Mutation of the first proline in the Gfi1 SNAG transcriptional repression domain (P2A) disrupts Gfi1-repression activity without altering subcellular localization, protein accumulation, or DNA binding (Grimes et al., 1996a). We reasoned that if the Gfi1N382S mutant functions by sequestering corepressors necessary for wild-type Gfi1 function, then a repressor-defective mutant such as Gfi1P2A might reproduce Gfi1N382S effects by excluding wild-type Gfi1 from DNA binding sites. To test this hypothesis, we introduced the P2A mutation in a murine Gfi1 cDNA and tested its ability to regulate granulopoiesis. First, we transduced Gfi1−/− Lin− cells with wild-type Gfi1- and Gfi1P2A–expressing retroviruses and analyzed them for colony formation. Whereas forced expression of Gfi1 in Gfi1−/− Lin− cells restored granulopoiesis (Figure 1F), colony formation of Gfi1P2A–expressing cells was virtually indistinguishable from that of vector-transduced cells (Figure 4A). Thus, it is unlikely that Gfi1P2A retains any ability to rescue Gfi1−/− granulopoiesis. The ability of Gfi1 to modulate granulopoiesis appears to critically depend upon an intact SNAG transcriptional-repressor domain.
Next, we assayed colony formation in wild-type Lin− cells. Similar to Gfi1N382S, Gfi1P2A–expressing cells gave rise to mainly monocytic colonies (Figure 4B), and G-CSF-stimulated liquid culture of Gfi1P2A–overexpressing cells resulted in a predominance of monocytic cells and a few immature neutrophilic cells (Figure 4C). Moveover, Gfi1P2A–expressing G-CSF-stimulated cultures showed a dramatic increase in mixed 7/4hi F4/80hi cells (Figure 4D). In a manner strikingly similar to Gfi1N382S–expressing cells, Gfi1P2A–overexpressing Lin− bone-marrow cells are blocked in granulopoiesis.
It is possible that both Gfi1N382S and Gfi1P2A act as dominant-negative mutants that interfere with endogenous Gfi1-directed granulopoiesis. We reasoned that if the dominant-negative activity of Gfi1P2A relies on DNA binding, whereas that of Gfi1N382S depends upon an intact repression domain, then a double mutant should lack dominant-negative activity. To test this hypothesis, we constructed a Gfi1P2A+N382S mutant and tested its ability to regulate granulopoiesis. In agreement with our hypothesis, Gfi1P2A+N382S–expressing cells gave rise to both monocytic and granulocytic colonies similarly to vector-transduced cells (Figure 4B). Notably, the number of purely granulocytic colonies was lower in the Gfi1P2A+N382S–expressing colonies than the empty-vector-transduced cells (p < 0.01), and the number of Gfi1P2A+N382S–expressing 7/4hi F4/80hi cells was variable. It is unlikely that the double mutant is completely inactive; however, from both colony data and morphology, Gfi1-P2A+N382S neutrophils were clearly formed (Figure 4C). Thus, Gfi1P2A and Gfi1N382S act through a dominant-negative mechanism to block granulopoiesis, and granulocytic-differentiation defects in Gfi1N382S–overexpressing cells can be rescued by simultaneous mutation of the SNAG domain. We conclude that Gfi1N382S most probably restricts granulopoiesis by interfering with wild-type Gfi1 function.
The data in sum do not delineate whether Gfi1 functions as an instructive or a selective agent. Specifically, Gfi1 may function as a molecular switch to induce granulopoiesis, or Gfi1-overexpressing progenitors might only survive if they adopt a granulocytic fate. To determine whether Gfi1 switches cellular fate of progenitors or induces death of monocytic-determined progenitors, we monitored cell death daily in G-CSF-stimulated cultures by Annexin V staining. In comparison to empty-vector-transduced cells, Gfi1-expressing cultures demonstrated less apoptosis, whereas Gfi1N382S–expressing cells showed a modest increase in cell death in the third and fourth days of culture (Figure 4E). Thus, cell death of monocytic lineage cells is unlikely to explain Gfi1 effects on granulopoiesis. In agreement with this concept, the forced coexpression of the antiapoptotic proteins Bcl2 or Mcl1 did not reveal substantial differences in Gfi1 or Gfi1N382S colony formation (Figure S2). We conclude that Gfi1 is instructive for granulocytic differentiation.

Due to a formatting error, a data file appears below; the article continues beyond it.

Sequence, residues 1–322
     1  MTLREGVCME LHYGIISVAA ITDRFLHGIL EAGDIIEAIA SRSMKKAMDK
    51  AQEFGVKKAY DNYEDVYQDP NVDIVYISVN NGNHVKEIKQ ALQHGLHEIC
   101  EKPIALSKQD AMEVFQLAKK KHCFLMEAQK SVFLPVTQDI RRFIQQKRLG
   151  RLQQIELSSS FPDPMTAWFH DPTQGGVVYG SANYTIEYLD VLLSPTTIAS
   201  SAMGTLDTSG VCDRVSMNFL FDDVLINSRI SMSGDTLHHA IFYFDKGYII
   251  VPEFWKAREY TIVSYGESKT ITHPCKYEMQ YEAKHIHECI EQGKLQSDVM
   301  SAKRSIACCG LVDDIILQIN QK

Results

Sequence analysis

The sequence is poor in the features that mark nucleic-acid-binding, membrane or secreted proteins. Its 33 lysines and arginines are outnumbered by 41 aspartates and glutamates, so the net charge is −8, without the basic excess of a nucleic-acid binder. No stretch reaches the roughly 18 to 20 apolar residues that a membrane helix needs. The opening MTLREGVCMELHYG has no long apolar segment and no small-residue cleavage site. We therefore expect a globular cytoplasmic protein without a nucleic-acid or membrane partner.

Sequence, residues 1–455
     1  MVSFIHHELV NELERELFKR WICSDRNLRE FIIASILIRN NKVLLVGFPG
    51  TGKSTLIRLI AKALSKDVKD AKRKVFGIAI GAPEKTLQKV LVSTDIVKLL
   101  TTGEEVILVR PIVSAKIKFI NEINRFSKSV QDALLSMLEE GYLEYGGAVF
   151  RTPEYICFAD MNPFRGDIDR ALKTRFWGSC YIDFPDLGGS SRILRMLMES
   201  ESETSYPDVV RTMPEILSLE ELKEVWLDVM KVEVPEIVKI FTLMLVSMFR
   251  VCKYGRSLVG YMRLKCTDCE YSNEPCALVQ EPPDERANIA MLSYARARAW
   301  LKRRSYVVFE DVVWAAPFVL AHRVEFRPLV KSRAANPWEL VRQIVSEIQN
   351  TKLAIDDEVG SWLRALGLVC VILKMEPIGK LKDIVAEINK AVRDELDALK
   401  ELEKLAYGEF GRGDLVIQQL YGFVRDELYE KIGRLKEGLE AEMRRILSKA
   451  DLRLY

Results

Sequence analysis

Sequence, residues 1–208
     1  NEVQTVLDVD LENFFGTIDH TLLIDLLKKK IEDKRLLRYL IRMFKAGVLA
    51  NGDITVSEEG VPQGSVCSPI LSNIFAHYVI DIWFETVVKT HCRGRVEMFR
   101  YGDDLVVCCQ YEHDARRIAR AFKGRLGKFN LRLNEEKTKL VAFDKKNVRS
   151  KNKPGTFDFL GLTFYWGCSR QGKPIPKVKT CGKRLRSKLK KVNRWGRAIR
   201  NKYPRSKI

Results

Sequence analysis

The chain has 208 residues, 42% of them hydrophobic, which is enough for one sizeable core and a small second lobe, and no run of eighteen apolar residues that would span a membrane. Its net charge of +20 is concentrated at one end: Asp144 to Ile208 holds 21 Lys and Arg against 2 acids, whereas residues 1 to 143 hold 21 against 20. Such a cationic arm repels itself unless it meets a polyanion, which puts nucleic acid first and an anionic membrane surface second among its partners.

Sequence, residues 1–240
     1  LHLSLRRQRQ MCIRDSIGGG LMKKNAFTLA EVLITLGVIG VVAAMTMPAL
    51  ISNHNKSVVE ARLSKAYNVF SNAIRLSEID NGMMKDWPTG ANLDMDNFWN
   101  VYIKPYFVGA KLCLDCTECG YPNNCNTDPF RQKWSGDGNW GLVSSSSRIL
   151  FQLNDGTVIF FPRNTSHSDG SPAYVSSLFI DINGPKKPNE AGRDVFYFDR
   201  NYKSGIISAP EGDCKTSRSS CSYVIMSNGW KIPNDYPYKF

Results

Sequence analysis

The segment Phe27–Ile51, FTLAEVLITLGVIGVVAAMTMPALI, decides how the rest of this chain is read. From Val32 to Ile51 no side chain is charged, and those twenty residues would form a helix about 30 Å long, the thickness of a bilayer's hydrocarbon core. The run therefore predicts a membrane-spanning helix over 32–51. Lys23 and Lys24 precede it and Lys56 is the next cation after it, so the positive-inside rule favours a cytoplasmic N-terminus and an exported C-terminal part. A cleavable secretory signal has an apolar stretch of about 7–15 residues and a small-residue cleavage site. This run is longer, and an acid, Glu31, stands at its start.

Because Gfi1-instructed granulopoiesis appears to require DNA binding and transcriptional repression, we wished to delineate relevant Gfi1 target gene(s). To this end, we analyzed RNA from lineage-negative bone-marrow cells for transcripts whose steady-state expression is increased in Gfi1−/− versus wild-type littermates. Recently, Laslo et al. demonstrated that Gfi1 may regulate the Egr1, Egr2, and Nab2 genes to resolve myeloid lineage-fate decisions (Laslo et al., 2006). In addition, Zhuang et al. have shown that in the 32D cell line, Gfi1N382S deregulates CCAAT/enhancer binding protein, epsilon (Cebpe), expression and induces apoptosis in response to G-CSF stimulation, subsequently blocking granulocyte formation (Zhuang et al., 2006). Previous reports noted deregulated Csf1r expression in Gfi1−/− myeloid cells (Hock et al., 2003) and suggested that this may be due to direct interaction between Gfi1 and Pu.1 on the Csf1r promoter (Dahl et al., 2007). Thus, we interrogated the gene expression profiles of Egr1, Egr2, Nab2, Cebpe, and Csf1r. Because deregulated expression of Csf1r would not be functionally relevant to in vitro cultures without its ligand, we also examined Csf1 expression. In comparison to wild-type lit-termate Lin− bone-marrow cells, we found that Egr1, Egr2, Nab2 (Figure 5A), Csf1, and Csf1r (Figure 5C) transcripts were indeed higher in Gfi1−/− Lin− cells. However, the expression of Cebpe was only mildly elevated in Lin− cells from Gfi1−/− bone marrow (Figure 5B). Thus, it is possible that Gfi1 regulation of Egr1, Egr2, Nab2, Csf1, and Csf1r might explain the Gfi1N382S phenotype.